mercredi 30 novembre 2016
Year-End Cargo Shipments Prepped Amidst Space Research
ISS - Expedition 50 Mission patch.
November 30, 2016
Image above: Astronauts Thomas Pesquet and Shane Kimbrough pause for a portrait inside the space station. Image Credit: NASA.
The Expedition 50 crew is getting ready to receive a shipment of space supplies Saturday after Russia launches the Progress 65 cargo craft Thursday morning. The final space delivery of the year will be Dec. 13 when the Kounotori HTV-6 resupply ship arrives four days after its launch from Tanegashima, Japan.
Inside the International Space Station, Flight Engineer Peggy Whitson installed aerosol samplers to collect airborne particles for analysis on Earth. Scientists will study the samples using specialized techniques with powerful microscopes.
Image above: As of Nov. 21, 2016, there are three spacecraft are docked at the station including the Soyuz MS-02 and MS-03 crew vehicles and the Progress 64 resupply ship. Two more spaceships will arrive in December. Image Credit: NASA.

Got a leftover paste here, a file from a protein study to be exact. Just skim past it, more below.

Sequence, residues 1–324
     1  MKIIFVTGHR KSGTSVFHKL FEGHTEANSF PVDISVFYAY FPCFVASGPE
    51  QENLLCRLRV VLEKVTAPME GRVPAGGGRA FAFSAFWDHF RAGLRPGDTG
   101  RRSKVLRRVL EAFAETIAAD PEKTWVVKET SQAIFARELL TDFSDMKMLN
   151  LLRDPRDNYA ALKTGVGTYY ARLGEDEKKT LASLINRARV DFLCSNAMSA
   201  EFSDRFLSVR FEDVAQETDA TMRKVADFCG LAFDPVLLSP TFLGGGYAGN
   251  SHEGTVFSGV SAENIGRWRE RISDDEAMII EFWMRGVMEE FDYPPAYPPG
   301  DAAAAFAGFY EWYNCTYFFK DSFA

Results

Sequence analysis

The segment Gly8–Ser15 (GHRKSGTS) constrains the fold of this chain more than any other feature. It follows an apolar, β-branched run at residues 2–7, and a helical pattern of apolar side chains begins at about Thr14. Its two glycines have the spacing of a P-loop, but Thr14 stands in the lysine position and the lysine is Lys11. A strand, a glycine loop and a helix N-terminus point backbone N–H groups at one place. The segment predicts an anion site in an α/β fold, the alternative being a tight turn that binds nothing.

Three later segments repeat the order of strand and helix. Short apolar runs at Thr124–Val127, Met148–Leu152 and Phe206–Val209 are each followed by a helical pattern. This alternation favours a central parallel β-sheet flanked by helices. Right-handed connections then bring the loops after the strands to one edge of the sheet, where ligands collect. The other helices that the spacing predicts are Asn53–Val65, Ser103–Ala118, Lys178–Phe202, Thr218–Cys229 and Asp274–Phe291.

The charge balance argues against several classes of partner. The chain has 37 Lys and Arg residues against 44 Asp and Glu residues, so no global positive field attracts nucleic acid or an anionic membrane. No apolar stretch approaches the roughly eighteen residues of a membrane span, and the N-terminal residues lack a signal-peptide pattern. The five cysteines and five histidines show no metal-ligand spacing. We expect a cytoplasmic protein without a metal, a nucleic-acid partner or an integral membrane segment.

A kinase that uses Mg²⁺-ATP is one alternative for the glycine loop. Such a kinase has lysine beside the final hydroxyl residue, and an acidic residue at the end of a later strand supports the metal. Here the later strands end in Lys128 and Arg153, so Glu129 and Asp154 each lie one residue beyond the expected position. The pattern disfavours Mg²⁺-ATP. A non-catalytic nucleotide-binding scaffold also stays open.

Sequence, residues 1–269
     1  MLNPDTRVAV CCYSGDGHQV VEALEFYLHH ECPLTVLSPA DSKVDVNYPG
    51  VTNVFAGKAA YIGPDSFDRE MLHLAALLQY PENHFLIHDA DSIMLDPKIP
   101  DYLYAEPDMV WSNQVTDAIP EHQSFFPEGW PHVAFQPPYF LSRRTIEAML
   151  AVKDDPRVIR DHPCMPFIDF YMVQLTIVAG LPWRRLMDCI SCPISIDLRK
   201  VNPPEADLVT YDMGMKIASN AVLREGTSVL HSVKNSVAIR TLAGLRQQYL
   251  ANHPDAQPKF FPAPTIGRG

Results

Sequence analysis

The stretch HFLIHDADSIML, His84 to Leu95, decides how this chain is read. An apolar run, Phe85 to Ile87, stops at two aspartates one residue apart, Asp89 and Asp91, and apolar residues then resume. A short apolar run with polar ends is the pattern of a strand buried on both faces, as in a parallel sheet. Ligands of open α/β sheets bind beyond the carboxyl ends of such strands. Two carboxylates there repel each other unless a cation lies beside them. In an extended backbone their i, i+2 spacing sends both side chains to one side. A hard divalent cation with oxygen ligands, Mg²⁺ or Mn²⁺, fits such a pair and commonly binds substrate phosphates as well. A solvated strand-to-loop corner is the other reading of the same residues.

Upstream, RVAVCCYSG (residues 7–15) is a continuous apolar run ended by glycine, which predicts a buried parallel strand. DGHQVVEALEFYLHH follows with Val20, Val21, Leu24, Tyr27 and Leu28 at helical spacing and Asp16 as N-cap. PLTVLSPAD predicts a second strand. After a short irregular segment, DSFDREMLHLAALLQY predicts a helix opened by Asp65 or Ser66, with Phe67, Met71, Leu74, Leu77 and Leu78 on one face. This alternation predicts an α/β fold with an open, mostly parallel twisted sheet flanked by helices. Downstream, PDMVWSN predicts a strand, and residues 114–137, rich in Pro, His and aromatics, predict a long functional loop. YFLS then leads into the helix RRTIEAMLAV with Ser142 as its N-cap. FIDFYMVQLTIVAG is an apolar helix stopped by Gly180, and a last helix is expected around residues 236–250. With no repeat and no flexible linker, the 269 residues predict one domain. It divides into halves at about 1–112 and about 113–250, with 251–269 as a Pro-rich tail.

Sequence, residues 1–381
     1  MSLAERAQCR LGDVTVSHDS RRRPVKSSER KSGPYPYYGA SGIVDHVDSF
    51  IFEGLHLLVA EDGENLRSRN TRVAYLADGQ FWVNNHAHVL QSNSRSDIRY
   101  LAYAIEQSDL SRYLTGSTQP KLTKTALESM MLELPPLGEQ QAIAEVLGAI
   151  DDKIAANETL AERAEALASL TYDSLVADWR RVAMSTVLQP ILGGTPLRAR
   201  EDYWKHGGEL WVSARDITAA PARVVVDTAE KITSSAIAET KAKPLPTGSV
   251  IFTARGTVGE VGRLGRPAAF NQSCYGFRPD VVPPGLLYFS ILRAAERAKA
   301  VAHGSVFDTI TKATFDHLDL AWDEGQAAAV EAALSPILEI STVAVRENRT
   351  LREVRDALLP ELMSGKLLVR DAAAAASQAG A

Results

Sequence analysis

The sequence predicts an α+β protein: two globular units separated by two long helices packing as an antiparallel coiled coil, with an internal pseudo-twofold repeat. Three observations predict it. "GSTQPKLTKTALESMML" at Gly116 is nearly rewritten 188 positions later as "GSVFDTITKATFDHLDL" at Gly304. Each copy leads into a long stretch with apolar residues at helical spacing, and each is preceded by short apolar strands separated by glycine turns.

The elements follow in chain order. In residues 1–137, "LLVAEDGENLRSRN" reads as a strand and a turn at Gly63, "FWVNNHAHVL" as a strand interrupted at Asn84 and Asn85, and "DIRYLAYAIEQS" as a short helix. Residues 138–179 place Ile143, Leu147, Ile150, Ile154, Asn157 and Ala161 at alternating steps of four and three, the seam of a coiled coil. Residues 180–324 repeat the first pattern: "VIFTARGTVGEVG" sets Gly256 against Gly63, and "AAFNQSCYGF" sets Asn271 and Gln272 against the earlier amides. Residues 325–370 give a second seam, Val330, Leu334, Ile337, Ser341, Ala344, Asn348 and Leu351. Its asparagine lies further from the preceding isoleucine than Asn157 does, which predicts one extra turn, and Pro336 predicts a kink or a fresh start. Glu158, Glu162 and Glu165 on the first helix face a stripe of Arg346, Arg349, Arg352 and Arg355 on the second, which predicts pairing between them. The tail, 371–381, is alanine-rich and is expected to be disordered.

Commander Shane Kimbrough is setting up science gear inside Japan’s Kibo lab module to study the fundamental physics of surface tension where liquid and gas meet. The experiment known as Marangoni Ultrasonic Velocity Profiler-2 may improve industrial processes and products on Earth and in space.
New astronaut Thomas Pesquet, from the European Space Agency, strapped himself into the Muscle Atrophy Research and Exercise System chair for a study of his calf muscle and Achilles tendon. On Earth, that area carries loads from the entire human body. He conducted a series of ankle exercises while attached to sensors to monitor any changes in that area caused by living in space.
Progress 65 cargo craft: http://www.energia.ru/en/iss/iss50/progress_ms-04/photo_11-29.html
Kounotori HTV-6: http://iss.jaxa.jp/en/htv/mission/htv-6/
Aerosol samplers: https://www.nasa.gov/mission_pages/station/research/experiments/2300.html
Marangoni Ultrasonic Velocity Profiler-2: https://www.nasa.gov/mission_pages/station/research/experiments/144.html
Study of his calf muscle and Achilles tendon: https://www.nasa.gov/mission_pages/station/research/experiments/738.html
Space Station Research and Technology: https://www.nasa.gov/mission_pages/station/research/index.html
International Space Station (ISS): https://www.nasa.gov/mission_pages/station/main/index.html
Images (mentioned), Text, Credits: NASA/Mark Garcia.
Publié par Orbiter.ch à 14:31